Recycling old electronics with corn waste
June 5, 2018

One of the things that environmentally-conscious workplaces recycle is old electronics. One of the recurring facts of life in the modern office is that computer systems need upgrading periodically. Old computers, fax machines, and phone systems are often sent to recycling facilities to extract the valuable metals contained within for reuse. But how does this process take place?

One method of extracting rare earth materials from discarded electronics involves using corn stover, the stalks, leaves, and cobs that are left in the fields after the harvest. According to a site called Feedstuffs, the Department of Energy’s Ames Laboratory has developed a biochemical process using the waste products of corn to recover valuable materials from left-over computers and cell phones.

Typically, leaching the valuable parts from discarded electronics involves sulfuric acid, which presents an environmental hazard. Heat and pressure are also involved in the process, which adds to the cost of recycling electronic waste.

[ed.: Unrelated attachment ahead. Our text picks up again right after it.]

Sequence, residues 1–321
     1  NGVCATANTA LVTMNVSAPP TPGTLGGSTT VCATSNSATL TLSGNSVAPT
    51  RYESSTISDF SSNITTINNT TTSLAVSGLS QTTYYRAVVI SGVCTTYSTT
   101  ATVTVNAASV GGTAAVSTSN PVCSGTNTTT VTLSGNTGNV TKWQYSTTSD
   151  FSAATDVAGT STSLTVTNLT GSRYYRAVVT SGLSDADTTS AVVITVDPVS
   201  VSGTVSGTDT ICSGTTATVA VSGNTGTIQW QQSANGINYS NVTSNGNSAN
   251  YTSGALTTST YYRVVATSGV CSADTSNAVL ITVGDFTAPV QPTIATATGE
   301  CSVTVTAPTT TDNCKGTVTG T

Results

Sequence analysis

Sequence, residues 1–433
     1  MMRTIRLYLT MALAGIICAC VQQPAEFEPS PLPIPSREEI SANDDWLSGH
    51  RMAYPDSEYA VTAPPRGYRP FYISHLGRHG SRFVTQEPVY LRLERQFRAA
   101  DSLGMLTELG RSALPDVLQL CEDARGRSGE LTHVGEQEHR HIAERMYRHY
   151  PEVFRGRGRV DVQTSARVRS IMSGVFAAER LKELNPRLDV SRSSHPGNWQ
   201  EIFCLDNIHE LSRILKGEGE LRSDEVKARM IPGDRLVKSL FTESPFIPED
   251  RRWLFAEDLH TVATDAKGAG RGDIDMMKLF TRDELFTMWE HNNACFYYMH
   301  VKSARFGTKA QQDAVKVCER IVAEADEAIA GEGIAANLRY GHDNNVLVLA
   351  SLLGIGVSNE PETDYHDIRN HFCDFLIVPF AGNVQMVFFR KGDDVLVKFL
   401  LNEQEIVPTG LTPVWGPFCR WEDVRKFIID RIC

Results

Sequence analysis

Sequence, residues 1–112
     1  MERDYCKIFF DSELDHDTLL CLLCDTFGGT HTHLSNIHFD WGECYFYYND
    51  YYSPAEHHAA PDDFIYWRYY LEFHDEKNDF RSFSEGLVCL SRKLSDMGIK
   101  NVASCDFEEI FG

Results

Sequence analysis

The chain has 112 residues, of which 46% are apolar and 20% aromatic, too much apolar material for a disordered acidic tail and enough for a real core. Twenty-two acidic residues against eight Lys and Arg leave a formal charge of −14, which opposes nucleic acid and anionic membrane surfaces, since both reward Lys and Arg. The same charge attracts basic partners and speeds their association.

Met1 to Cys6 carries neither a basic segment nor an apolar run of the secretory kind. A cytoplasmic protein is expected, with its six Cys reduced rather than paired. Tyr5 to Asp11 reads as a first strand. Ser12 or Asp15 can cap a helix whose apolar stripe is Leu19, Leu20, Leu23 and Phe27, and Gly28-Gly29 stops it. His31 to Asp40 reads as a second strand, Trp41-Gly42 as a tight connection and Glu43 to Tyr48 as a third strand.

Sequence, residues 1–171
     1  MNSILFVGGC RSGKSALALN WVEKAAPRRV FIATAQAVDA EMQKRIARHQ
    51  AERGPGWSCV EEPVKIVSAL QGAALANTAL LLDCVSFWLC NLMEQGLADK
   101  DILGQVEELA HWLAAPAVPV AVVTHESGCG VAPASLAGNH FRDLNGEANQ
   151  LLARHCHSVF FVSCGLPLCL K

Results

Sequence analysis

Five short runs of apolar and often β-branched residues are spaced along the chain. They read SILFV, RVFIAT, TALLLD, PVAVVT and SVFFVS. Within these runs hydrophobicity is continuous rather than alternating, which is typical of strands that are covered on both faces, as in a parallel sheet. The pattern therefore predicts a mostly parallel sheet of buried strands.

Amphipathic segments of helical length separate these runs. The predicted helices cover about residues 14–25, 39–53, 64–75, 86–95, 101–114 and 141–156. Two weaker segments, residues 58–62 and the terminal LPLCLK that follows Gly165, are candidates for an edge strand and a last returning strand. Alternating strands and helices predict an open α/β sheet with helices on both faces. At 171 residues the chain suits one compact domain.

The Ames Laboratory has researched using naturally-derived solvents for the process of recovering useful materials from old computers, phones, and so on. After experimenting with material such as potato peels and apple processing water, the researchers hit upon corn stover to facilitate the growth of a bacteria called Gluconobacter, which produces a naturally occurring acid. The bacteria need sugars derived from organic products to grow and thrive while they are excreting what is needed to recycle old electronics.

The resulting process is a win-win on several levels. A new method to recycle old computers, phones, and other old electronics has been developed that is competitive in cost to standard methods and is also more environmentally benign. Corn farmers now have a market for a part of their crops that is typically not used after the harvest. Finally, a new source of rare earth metals, which are crucial for modern technological devices, has been developed.

June 5, 2018
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